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Something interesting about two overloaded constructors of FileInputStream

 
Mohammad Ali Asgar
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Hello,

As I was reading Mala Gupta's book, I came to a page where there is an interesting discussion on a scenario where there are two valid, overloaded methods but where the compiler will get confused and then report a compile-time error in response to certain inputs.

Here are the methods.



I quote from the book: "... but an issue arises when you try to execute this method using values that can be passed to both versions of the overloaded methods. In this case, the code will fail to compile ..."

Here is the code showing the use of the methods:



Because an int literal value can be passed to a variable of type double, both methods are acceptable candidates for literal values 2 and 3, and therefore the compiler fails to decide which method to pick.

This is where I get confused when I take the above concept with me and dive further into the book to the final chapter, the chapter of exceptions. There, the writer introduces from Java 7 API two overloaded constructors of FileInputStream.

1. public FileInputStream(String name) throws FileNotFoundException {.....}
2. public FileInputStream(File file) throws FileNotFoundException {.....}


The writer also says that, according to the Java 7 API source code, here is the definition of the version that takes a String object as the argument:



Now, if "name" is indeed null, this(name != null ? new File(name) : null); evaluates to this(null); which in turn is equivalent to invocation of FileInputStream(null); but then both FileInputStream(String) and FileInputStream(File) become possible choices to be invoked with a null value. Does it not give rise to ambiguity? So, isn't there a compile-time error for that?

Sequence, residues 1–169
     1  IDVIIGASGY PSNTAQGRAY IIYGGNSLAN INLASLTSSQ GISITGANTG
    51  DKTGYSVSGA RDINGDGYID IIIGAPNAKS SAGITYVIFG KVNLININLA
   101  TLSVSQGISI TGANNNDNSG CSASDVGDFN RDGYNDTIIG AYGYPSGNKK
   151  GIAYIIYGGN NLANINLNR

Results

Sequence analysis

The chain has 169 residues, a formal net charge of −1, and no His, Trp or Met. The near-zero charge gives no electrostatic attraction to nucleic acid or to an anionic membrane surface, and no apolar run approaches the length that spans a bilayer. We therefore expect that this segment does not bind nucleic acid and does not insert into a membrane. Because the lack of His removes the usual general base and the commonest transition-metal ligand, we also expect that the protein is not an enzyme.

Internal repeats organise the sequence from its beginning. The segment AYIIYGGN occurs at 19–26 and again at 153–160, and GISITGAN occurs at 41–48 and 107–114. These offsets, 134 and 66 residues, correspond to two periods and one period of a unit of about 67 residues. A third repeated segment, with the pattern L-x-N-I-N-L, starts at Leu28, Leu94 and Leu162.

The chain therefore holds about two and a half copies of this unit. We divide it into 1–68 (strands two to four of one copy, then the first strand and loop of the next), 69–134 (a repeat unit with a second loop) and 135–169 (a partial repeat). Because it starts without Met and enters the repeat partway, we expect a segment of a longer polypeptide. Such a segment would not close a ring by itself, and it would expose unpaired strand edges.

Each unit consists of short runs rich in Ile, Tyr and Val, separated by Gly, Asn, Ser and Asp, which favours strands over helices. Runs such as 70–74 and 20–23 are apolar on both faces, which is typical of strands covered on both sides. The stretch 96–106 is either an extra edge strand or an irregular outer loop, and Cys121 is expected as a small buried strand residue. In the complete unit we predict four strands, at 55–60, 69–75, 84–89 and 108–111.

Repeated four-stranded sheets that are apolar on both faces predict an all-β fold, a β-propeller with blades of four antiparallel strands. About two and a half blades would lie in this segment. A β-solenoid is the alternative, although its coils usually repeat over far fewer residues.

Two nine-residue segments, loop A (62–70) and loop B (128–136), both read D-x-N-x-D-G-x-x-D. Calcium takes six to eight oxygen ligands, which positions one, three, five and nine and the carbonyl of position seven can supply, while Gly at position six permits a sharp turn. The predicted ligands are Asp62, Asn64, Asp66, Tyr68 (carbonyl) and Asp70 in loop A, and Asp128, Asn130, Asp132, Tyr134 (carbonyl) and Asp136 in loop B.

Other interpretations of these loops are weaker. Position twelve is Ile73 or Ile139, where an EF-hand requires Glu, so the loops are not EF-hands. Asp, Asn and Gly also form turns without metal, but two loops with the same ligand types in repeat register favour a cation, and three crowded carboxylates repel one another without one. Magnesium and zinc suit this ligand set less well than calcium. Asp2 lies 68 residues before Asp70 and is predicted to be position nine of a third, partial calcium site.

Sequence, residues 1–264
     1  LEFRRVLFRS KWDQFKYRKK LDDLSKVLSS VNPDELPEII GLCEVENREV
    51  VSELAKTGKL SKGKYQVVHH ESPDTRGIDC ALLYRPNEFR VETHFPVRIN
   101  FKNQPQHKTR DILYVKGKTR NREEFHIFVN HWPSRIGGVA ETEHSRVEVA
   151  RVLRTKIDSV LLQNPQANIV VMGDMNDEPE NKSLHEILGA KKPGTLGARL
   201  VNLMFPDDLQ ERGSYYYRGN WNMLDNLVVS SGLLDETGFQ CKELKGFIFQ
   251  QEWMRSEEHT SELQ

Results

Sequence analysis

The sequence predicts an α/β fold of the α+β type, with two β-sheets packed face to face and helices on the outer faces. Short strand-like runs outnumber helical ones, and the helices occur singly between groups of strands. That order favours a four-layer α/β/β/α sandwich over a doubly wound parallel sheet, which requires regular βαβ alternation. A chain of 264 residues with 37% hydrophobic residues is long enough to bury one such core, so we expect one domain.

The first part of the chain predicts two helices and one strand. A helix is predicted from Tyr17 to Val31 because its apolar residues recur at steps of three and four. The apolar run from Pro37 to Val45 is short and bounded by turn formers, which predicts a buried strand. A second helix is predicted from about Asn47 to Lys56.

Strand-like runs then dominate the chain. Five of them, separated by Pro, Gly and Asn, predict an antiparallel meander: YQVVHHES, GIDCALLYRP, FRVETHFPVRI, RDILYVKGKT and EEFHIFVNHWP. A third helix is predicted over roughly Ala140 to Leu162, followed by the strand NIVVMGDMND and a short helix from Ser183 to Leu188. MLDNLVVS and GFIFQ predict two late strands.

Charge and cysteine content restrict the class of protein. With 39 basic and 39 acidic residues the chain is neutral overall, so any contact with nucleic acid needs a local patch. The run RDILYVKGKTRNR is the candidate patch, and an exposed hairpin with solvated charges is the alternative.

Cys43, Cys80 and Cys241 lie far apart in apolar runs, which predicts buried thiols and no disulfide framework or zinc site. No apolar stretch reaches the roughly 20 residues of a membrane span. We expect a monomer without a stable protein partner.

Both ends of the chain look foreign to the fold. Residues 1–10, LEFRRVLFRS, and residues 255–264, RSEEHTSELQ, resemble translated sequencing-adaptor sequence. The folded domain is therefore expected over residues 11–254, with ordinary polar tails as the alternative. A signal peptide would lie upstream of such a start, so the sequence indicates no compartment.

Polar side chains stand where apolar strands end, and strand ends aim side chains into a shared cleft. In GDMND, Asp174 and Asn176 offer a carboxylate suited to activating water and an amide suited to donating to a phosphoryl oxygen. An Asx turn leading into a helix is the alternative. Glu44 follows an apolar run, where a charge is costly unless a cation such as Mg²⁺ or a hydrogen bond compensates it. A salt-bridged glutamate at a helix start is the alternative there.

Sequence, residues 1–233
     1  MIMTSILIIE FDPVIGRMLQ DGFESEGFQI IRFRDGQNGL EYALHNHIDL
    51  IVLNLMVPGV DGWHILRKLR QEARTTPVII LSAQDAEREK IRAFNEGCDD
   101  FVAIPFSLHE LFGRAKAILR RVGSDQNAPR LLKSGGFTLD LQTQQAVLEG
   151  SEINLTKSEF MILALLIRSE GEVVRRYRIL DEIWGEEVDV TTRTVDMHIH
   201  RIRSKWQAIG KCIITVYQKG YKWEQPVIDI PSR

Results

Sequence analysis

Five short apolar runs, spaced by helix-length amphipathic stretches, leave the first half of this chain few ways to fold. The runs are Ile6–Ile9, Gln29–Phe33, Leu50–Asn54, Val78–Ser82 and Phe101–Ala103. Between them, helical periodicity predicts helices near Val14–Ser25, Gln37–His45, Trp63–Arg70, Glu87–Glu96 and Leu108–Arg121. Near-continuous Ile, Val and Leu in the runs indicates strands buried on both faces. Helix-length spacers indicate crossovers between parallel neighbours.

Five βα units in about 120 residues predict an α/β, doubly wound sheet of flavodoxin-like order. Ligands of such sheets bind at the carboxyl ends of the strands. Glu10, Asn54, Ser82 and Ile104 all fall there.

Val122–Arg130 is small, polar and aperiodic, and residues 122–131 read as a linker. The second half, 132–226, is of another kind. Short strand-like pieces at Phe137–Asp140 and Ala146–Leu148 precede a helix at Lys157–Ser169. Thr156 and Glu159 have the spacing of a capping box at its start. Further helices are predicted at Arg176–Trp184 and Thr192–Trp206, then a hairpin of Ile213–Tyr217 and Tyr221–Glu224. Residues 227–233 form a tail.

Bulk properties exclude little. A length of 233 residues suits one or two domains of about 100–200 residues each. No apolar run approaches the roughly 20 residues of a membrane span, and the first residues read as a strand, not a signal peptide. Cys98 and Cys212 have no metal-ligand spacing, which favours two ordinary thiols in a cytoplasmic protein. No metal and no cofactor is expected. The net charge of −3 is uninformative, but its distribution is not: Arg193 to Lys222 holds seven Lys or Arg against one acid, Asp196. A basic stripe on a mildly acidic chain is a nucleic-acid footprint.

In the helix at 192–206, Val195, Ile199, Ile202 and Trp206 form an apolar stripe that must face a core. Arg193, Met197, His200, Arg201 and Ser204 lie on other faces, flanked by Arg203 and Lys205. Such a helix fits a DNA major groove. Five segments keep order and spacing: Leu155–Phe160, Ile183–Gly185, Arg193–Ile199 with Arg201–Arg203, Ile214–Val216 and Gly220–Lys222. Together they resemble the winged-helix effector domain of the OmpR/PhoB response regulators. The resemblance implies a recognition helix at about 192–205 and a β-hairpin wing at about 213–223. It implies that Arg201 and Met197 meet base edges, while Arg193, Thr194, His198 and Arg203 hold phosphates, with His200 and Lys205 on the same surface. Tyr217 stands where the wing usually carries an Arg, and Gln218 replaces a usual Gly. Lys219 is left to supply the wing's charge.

I do understand that eventually a FileNotFoundException is raised, but it is a separate issue which comes later. How is the ambiguity resolved before that?
 
Paweł Baczyński
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If you pass null like below, the compiler will indeed complain about ambiguosity.But if you have your null in appropriate varialbe, the compiler will not complain. The type of the variable determines which constructor is chosen.If you cast a null to appropriate type (yes, you can do this) you can help the compiler to choose a version of constructor (or method).
 
Mohammad Ali Asgar
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Thanks Pawet,

Yes, I have realized that. In fact, as I have come to know, if "name" is null, then

this(name != null ? new File(name) : null); evaluates to this((File)null); not this(null);

As per JLS: http://docs.oracle.com/javase/specs/jls/se7/html/jls-15.html#jls-15.25-300-C

if one of the second and third operands is of the null type and the type of the other is a reference type, then the type of the conditional expression is that reference type.

That is why null is type-cast into (File)null. So, there is no ambiguity and FileInputStream(File) is chosen by the compiler.

And, lastly, this((File)null) is analogous to
File file = null;
new FileInputStream(file);
 
Roel De Nijs
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As you already discovered, it's all about using the conditional operator. The conditional operator evaluates to a certain type based on 2nd and 3rd operands (the 1st one always have to be a boolean). So the call to the constructor this(name != null ? new File(name) : null); is equivalent to File file = (name != null ? new File(name) : null); this(file); and that's why you don't have the compiler error.

Can we use the equivalent in the constructor? Why (not)?


And what happens when the types of the 2nd and 3rd operands are different, like in this example. What type will the method need to have to make the code compile (if possible)?


PS. That was an excellent question (and analysis), have a cow for that!
 
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